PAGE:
Knee pain when running, more commonly called Runners Knee, is a painful plus limiting condition that affects an estimated 1 in 4 of those that are active, now new research might have finally pinpointed the cause – weakened muscles.
Those who develop this problem tend to have weaker quads and hamstrings based on study co-author Darin Padua, Ph level. D. “As a result, they don’t flex their knees as much when carrying out tasks, such as running or jumping. That means the contact area between the kneecap and the femur is smaller sized, so pressure is focused and pinpointed on a smaller area. ”
Proven to medicine as patellofemoral pain syndrome, the study out of the University of North Carolina at Chapel Hill is the first of its kind to look at athletes both before and after they develop this painful problem.
The pain around or behind the kneecap can be so bad it limits your ability to exercise at all, and the symptoms are likely to recur.
Of course if you’ve got a high enough discomfort threshold, you might try and ignore it, but this only causes the cartilage to break down, bringing you to the point of bone on bone get in touch with. Once this happens there’s nothing that can be done to replace the destroyed cartilage.
Earlier analysis had identified possible risk aspects for runner’s knee that were associated with biomechanics and strength, though no one could say what caused the problem in the first place.
For this work, the team studied about 1, 600 midshipmen from the U. S. Naval School. They looked at participants’ biomechanics if they first enrolled at the academy, after that followed them for a number of years to find out what happened to their knees.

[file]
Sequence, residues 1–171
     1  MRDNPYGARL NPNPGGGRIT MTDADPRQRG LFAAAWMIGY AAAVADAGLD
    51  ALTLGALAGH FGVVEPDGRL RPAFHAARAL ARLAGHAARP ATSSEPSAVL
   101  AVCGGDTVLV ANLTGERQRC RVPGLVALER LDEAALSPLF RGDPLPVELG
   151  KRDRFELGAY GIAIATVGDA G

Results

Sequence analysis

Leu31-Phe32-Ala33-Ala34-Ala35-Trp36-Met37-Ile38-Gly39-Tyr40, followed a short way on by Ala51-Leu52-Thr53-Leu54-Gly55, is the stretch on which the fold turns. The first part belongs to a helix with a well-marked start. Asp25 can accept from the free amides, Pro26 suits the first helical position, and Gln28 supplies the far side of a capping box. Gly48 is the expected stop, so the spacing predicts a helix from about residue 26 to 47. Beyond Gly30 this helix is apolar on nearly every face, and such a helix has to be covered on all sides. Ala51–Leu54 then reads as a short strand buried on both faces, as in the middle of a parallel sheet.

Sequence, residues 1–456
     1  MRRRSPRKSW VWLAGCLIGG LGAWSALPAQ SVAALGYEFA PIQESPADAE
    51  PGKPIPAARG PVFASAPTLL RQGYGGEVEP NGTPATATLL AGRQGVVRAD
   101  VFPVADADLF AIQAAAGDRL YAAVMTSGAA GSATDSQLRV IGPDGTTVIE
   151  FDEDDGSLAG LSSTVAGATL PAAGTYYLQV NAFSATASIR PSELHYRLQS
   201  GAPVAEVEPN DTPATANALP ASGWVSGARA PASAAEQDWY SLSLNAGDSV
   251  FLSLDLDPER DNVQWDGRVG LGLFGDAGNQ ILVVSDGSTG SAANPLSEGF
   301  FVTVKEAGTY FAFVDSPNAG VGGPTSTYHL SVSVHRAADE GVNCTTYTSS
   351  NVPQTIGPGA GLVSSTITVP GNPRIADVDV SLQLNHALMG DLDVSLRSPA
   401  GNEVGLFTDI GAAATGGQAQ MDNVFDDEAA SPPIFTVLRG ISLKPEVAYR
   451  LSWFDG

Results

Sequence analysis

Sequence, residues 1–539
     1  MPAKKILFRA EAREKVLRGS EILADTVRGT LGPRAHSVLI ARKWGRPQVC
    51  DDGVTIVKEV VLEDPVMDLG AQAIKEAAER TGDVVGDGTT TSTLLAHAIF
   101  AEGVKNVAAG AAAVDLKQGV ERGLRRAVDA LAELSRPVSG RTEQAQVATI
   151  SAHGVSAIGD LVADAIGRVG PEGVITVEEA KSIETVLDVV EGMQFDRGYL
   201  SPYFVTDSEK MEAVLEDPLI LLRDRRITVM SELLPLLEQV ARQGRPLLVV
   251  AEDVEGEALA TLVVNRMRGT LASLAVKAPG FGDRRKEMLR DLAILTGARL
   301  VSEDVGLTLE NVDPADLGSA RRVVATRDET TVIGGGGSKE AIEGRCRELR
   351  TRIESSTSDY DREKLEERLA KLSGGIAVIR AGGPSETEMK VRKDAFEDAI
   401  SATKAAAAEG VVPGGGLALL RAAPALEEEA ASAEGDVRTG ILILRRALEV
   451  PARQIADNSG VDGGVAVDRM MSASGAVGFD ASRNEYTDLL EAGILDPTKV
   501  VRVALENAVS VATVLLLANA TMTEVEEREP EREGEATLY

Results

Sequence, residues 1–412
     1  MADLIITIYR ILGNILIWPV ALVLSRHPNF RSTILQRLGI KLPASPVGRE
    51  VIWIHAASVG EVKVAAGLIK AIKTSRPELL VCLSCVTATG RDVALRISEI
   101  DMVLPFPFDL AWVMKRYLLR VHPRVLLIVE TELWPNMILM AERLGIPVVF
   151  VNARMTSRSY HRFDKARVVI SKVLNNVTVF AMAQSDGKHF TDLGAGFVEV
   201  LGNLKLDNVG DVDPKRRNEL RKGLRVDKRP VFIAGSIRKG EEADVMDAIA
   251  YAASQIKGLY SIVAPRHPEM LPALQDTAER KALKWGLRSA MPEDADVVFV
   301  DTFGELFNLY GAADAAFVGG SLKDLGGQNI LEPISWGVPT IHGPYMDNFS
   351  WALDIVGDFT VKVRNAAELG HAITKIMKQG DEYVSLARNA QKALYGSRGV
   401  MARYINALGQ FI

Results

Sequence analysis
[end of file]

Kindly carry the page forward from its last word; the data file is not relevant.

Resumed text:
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Of these topics, 24 women and 16 men (for a total of 40 in all) developed runner’s knee over the research period.
The researchers noticed that individuals with weaker hamstring muscles were second . 9 times more likely to develop runner’s knee than those with the strongest hamstrings.
Weaker quadriceps were 5. five times more likely to suffer runner’s knee than those with stronger muscles in this field. Those with a bigger navicular drop, the measure of arch flattening when having weight were 3. 4 times very likely to have runner’s knee.
Finally, those with smaller knee flexion angle (knees that bent less on getting after a jump test) were a few. 1 times more likely to have this bothersome condition.
Lead researcher Padua feels that the pain that comes with runner’s leg might be explained by all these elements coming together to create a focal point of pressure between the kneecap and the bone underneath.
The UNC work appears in the November 2009 issue of the American Journal of Sports Medicine and does bring some good news.
If you change the way you move, and work to improve your leg strength, you may be able to prevent or even correct the issue. If you’re wondering about your own danger, Padua suggests three questions to ask…
– Does the knee cross over the big toe when squatting?
– Do the arches of the feet collapse when landing from a leap?
– Do you bend your knees a lot when your land?
If you answer “yes” to these questions, you may stand a much better chance of developing runner’s knee.
To help yourself if you’ve got runner’s knee currently there are things you can do to speed healing. Rest the knee as much as you can. Ice the knee for twenty to 30 minutes every 3-4 hrs for a few days to reduce pain and swelling.
Use an elastic bandage, band or sleeves to compress your own knee and give it extra support, arch supports for your shoes may also help with flat feet. Keep your knee elevated when you’re sitting or lying down and take anti-inflammatory drugs such as Advil, Aleve or Motrin which will also help with pain and welling.